The move to a system where landowners and growers receive help adopting conservation practices from someone other than the federal government is almost a sure bet, according to one state official.
“It's quite likely that one way or the other we're going to implement a third party vendor type of assistance program,” says NRCS State Conservationist Chuck Bell.
Bell, who spoke to growers and other landowners at a recent public hearing on the proposal of third party vendors in Davis, Calif., says, “I'm looking at it optimistically. I believe the third party vendor process can work.”
One thing is for certain, he says. With the 2002 farm law substantially increasing the available dollars for conservation programs, the Natural Resources Conservation Service (NRCS) is not likely to have enough staff available to respond to landowners in a timely manner.
What the folks at the USDA's conservation arm don't know is what the added focus on conservation programs means to the future of their agency.
“In order to maintain our credibility and our expertise we need to be in the field doing the work as well as doing the design, but we don't know funding-wise how that's going to work out in the future,” he says. “We don't now whether, in the future, the NRCS will become the keeper of the tech guide and the keeper of the standards, or will become more of an oversight agency.”
Plenty for NRCS
Bell says, “I believe NRCS is certainly going to move in the direction of a third party vendor system. I also think there's still plenty of room for NCRS employees to maintain their technical expertise and local contacts, and continue in the planning and application of conservation programs.”
However, he says, “We also know, no matter what business you're in, things are changing and they're not going to stop changing. We feel it's important as an agency to look within ourselves to look at our programs to determine what we can do to be ready to respond to our clients in a timely manner.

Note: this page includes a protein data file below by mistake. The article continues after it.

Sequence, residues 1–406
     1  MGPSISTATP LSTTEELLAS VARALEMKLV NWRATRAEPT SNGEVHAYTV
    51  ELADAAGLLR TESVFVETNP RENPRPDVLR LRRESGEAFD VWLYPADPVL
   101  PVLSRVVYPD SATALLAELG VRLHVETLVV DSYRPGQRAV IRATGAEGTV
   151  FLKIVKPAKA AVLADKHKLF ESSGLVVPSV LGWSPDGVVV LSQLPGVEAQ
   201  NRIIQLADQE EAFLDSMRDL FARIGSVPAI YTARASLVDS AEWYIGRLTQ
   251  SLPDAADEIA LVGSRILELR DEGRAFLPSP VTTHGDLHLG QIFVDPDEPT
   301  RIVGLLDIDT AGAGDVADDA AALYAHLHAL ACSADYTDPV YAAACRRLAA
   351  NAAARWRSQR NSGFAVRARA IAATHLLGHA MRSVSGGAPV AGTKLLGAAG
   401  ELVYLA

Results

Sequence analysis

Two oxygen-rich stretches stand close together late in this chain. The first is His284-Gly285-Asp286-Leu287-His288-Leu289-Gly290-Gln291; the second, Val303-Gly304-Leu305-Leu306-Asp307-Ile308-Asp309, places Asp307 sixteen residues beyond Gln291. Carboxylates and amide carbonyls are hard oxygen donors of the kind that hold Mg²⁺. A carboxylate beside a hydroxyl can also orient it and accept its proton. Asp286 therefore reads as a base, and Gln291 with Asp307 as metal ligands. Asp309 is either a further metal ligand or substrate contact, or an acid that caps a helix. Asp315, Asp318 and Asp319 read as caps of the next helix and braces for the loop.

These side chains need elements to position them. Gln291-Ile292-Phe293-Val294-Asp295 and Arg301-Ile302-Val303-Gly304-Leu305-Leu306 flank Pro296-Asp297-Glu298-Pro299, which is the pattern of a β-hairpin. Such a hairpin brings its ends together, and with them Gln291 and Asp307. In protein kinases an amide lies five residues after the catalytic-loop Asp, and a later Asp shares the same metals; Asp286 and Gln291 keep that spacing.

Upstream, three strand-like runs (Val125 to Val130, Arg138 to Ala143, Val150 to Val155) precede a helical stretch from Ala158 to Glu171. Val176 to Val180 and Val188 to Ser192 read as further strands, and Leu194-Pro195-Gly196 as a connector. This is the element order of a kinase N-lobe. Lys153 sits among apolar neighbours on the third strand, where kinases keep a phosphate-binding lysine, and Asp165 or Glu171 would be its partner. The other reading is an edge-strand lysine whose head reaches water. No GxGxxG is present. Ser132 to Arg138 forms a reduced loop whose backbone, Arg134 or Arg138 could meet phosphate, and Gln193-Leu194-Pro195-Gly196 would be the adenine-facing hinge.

“If somebody comes in and asks for help re-engineering a project and we can't get to it for a year, something is wrong somewhere. It may be a question of not having the resources or the staff available, or maybe our own internal policies get in the way. We need to be looking within ourselves and within the department to try to find those answers,” he says.
No matter how a third party system is implemented in the end, Bell says his primary concern is that the specifics of the program be crafted locally.
“If you design these programs at the top level, and you make it pretty intricate or sophisticated, by the time it gets down to the field office it's very, very difficult to handle,” he says. “We need the interpretation of this program to be as simple and concise as possible in order to give us the flexibility needed to implement it at the local level. If there is going to be a manual or handbook that describes how to carry this thing out, it doesn't need to be 14 volumes. Let us make some of those decisions at the local level.”